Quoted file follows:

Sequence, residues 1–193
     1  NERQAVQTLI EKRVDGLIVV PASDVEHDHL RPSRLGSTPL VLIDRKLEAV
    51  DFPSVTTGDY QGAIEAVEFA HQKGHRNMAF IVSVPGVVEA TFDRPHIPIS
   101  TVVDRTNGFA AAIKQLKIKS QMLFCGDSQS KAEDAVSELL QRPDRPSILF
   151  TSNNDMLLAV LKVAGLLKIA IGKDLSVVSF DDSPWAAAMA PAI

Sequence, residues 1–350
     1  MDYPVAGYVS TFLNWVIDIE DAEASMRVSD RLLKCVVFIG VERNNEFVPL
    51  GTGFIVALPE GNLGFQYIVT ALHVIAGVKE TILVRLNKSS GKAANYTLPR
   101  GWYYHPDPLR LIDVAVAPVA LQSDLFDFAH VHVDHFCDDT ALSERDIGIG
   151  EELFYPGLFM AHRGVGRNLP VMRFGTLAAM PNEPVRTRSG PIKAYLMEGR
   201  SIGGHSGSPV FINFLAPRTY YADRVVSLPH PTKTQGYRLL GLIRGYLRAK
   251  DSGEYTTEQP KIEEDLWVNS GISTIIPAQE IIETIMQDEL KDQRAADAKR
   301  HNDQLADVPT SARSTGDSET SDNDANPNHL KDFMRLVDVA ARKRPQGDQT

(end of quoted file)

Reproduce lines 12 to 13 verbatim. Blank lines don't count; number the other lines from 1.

   251  DSGEYTTEQP KIEEDLWVNS GISTIIPAQE IIETIMQDEL KDQRAADAKR
   301  HNDQLADVPT SARSTGDSET SDNDANPNHL KDFMRLVDVA ARKRPQGDQT